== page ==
Americans worried about healthcare costs, confused on single payer

Most Americans are worried about the cost of healthcare and confused about a single payer system concept, according to a new survey conducted by non-profit The Physicians Foundation.

The 2019 Survey of America’s Patients, conducted online on a biennial basis, looks at American attitudes on the physician-patient relationship, healthcare costs and drivers of health outcomes. The 2019 survey queried more than 2,000 Americans.

The findings come at a time when Americans are seeing rising deductibles and overall healthcare costs. Voters are also seeing Democratic presidential candidates offer up various healthcare plans, many of which include Medicare for all options––but there is confusion on what universal healthcare, or a single payer system, means.

Top findings

Nearly three-quarters of respondents (73%) said they are concerned about their ability to pay for medical care if they were sick or injured. Another half of Americans are worried they're just one sickness away from being in serious financial trouble. Most are also worried about costs in the future (84%), and 42% could only afford medical bills of $500 or more before they run into financial issues. Americans are split about where the blame of higher healthcare costs lie: 62% say prescription drugs and 49% point to hospital costs.

While several 2020 presidential candidates have adopted Medicare for all proposals, including Sens. Bernie Sanders (I-VT) and Elizabeth Warren (D-MA), 22% of Americans don’t even know what single payer healthcare means, according to the survey. And 77% cannot agree on one definition of the term.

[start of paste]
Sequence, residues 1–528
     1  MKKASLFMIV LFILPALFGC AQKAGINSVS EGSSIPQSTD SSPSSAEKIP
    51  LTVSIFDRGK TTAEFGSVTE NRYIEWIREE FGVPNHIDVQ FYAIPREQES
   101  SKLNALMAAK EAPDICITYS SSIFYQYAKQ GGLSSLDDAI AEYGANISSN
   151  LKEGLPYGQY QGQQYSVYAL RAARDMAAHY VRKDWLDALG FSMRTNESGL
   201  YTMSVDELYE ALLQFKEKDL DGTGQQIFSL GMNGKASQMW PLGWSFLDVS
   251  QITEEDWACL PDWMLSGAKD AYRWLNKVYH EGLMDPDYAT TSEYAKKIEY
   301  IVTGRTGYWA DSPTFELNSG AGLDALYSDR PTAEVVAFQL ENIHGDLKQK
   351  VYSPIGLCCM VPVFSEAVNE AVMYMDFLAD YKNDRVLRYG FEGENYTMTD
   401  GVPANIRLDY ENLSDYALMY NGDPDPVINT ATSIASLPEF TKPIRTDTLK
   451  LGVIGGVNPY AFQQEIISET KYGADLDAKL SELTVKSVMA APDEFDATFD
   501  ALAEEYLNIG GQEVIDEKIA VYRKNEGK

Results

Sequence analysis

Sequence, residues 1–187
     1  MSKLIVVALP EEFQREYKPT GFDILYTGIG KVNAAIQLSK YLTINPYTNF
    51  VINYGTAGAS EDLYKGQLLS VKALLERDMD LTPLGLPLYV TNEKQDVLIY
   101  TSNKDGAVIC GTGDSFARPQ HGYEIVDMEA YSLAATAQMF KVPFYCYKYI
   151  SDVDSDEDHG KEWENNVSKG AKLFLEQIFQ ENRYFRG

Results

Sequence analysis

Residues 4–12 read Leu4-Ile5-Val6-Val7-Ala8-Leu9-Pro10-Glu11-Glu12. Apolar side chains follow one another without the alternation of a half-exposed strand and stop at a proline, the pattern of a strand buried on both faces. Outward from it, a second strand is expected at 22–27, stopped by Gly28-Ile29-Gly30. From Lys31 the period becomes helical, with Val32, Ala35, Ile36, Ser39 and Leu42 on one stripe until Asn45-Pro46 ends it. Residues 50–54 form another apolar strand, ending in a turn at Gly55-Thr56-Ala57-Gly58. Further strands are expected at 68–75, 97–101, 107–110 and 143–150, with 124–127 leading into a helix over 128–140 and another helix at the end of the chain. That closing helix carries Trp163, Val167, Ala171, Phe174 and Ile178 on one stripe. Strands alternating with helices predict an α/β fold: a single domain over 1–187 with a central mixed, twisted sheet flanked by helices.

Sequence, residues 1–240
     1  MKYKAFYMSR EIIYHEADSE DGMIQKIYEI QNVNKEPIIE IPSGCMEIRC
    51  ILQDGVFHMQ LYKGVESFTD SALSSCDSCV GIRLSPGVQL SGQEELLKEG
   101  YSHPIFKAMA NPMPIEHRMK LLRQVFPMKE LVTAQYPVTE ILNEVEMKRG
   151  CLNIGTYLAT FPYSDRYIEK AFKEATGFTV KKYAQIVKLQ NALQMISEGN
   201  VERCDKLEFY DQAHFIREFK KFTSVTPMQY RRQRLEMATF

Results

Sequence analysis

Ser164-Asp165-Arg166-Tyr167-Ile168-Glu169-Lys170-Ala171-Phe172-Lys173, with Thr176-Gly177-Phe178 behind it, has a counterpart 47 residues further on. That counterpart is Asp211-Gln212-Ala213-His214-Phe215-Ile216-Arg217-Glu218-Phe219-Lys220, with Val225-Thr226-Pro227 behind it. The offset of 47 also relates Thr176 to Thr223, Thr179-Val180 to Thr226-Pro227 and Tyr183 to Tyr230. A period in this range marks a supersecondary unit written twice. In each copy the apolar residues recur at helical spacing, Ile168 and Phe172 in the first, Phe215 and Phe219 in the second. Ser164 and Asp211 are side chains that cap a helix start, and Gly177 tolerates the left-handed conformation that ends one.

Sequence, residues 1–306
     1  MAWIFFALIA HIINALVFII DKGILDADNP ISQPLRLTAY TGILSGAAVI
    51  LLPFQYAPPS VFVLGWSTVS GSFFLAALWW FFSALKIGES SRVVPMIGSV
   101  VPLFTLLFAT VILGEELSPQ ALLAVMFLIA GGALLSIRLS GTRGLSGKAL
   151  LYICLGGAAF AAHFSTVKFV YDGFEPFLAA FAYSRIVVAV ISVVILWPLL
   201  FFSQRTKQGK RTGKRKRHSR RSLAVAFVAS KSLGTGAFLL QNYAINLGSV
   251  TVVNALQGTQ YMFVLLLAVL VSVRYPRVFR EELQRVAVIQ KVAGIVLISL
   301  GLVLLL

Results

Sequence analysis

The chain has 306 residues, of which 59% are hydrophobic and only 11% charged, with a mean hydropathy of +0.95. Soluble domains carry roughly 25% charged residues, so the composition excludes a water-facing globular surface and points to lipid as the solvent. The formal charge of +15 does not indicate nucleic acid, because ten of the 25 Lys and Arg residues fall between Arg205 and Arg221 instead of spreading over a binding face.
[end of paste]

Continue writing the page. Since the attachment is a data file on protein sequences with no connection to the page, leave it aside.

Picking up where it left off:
“The politicians leading conversations on health reform need to do a better job explaining such policies and interacting with patients directly to gain their perspective,” the survey reads.

Medicare for all has seen national approval ratings around 50% over the last year, but 55% of Americans in the survey said they are more likely to vote for a candidate who advocates for expanding private insurance reforms.

When it comes to reforms, Americans also want more action on stemming the opioid crisis. More than one-third of Americans know someone who has abused or is addicted to opioids and 21% know someone who has died. More than half of Americans also say pharmaceutical companies are to blame, while 39% say physicians are the top problem in the crisis.

Physician-patient relationship

The survey also asked participants about their physician-patient relationship, revealing that 92% are satisfied with their relationship with their primary care physician. However, patients mostly agreed (71%) that ultimate decisions about their healthcare should be a collaboration with their physician and 65% said their doctor’s time is always limited. More than half (60%) also said their physician’s opinion should outweigh that of their insurer.

“Given the current state of the patient experience, physicians should be leading our health care system, not insurers or pharmaceutical company executives,” the report reads. “There is a clear consensus among America’s patients that physicians are guardians of quality and must be recognized as the key decision-makers for patient care.”